I first had an idea for a short story with a contemporary setting based on the changeling tale, mainly because it frightened me. I was writing it for a local event that was having an Eerie Evening. The story kind of chose me, I think, because it got longer and longer (way past the event’s word count) but I couldn’t stop writing it. Then I started to research the folktale and discovered that it had been frightening people across cultures in many different versions for centuries. That made me examine the origins of the tale and I decided it was a story that either explained postpartum psychosis in a time before people knew what that was, OR it was a story about evil beings that desire to steal children. I really wanted it to be both.
This is your first book, but it does not seem like a freshman effort. Do you have a bunch of drafts stuck in a drawer somewhere?
Of course! I have a couple of malformed tomes on a hard drive, not quite forgotten, but definitely never to see the light of day. These are the practice novels; the pancakes that the chef never serves, but eats before anyone sees.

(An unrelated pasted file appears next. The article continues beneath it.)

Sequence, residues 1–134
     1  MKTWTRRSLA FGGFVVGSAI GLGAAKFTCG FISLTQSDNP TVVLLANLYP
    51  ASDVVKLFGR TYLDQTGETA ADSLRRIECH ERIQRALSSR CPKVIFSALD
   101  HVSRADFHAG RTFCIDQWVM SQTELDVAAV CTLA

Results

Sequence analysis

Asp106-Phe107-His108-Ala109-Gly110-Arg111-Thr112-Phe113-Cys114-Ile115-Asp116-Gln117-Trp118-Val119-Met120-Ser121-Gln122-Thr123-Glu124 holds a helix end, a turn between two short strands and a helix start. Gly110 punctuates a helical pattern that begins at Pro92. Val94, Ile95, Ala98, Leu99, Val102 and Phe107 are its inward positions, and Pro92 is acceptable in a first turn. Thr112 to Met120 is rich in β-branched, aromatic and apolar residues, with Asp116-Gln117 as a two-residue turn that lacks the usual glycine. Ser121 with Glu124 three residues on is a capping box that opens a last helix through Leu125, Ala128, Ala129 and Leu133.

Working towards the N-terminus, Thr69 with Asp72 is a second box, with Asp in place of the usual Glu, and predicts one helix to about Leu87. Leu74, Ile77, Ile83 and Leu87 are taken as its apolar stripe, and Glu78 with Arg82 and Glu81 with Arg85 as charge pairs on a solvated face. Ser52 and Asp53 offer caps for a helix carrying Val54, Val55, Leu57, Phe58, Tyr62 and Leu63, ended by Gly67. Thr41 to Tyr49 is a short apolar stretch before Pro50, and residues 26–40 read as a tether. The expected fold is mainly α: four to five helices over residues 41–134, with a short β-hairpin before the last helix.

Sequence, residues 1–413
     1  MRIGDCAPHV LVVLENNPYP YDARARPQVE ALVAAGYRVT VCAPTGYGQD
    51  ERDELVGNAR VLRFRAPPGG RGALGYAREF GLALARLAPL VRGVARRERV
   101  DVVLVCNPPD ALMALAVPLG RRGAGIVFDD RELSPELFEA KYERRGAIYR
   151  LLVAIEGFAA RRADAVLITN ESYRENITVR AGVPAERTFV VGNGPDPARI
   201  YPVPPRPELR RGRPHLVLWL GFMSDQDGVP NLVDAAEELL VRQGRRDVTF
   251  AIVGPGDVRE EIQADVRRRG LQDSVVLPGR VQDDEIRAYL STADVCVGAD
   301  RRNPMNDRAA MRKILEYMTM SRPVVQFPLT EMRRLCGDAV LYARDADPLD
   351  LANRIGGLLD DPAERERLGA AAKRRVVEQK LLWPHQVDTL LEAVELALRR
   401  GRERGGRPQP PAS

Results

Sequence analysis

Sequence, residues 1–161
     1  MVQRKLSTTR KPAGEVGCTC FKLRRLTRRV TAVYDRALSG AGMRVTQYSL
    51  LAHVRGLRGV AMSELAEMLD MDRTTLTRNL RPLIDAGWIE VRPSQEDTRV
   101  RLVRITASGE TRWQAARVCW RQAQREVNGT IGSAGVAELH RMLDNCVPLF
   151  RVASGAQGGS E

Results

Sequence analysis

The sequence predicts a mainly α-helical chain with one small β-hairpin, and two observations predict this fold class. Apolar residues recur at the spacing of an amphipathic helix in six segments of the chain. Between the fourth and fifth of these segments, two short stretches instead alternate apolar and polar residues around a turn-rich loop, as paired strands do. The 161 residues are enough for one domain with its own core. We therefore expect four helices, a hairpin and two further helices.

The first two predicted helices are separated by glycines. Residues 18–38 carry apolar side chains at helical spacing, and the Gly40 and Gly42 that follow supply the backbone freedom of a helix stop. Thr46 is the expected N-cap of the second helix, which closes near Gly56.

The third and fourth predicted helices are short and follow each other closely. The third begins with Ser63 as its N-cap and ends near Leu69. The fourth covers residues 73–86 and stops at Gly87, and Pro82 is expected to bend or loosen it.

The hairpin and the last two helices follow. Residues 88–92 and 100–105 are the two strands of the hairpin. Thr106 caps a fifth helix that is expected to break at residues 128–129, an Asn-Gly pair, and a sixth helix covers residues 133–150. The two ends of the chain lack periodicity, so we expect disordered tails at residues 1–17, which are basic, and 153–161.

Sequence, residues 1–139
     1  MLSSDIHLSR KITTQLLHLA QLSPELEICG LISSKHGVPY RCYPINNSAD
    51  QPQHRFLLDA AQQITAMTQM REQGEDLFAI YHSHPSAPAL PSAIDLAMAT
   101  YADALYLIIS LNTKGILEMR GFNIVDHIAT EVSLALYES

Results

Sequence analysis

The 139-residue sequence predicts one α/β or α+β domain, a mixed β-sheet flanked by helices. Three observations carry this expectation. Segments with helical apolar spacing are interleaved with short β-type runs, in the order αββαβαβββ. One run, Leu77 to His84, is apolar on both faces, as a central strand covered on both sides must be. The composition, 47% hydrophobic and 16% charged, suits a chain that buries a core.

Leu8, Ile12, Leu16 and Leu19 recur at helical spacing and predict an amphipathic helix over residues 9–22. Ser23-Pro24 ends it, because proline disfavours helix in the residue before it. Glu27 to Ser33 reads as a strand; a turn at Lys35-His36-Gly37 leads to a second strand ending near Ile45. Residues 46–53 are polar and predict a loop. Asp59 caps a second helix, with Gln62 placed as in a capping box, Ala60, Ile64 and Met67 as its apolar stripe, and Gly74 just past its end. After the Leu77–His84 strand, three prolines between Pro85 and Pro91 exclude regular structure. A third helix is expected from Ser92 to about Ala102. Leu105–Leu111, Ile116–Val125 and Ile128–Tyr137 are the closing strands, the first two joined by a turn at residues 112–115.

Have you always wanted to write a mystery novel? Are you a big fan of the genre?
I was always keen to write a mystery novel. As a reader I started with Enid Blyton as a young child and moved on to Ian Livingstone and Steve Jackson, then to Stephen King and James Herbert. I devour books by Lawrence Block. I admire anyone who can pull off a big twist, such as the one in We Need to Talk About Kevin, as I haven’t managed to write one yet and I’m worried I can’t do it. Having said that I am planning a big twist novel to prove myself wrong.
What was your path to publication like? Long, short, easy, difficult?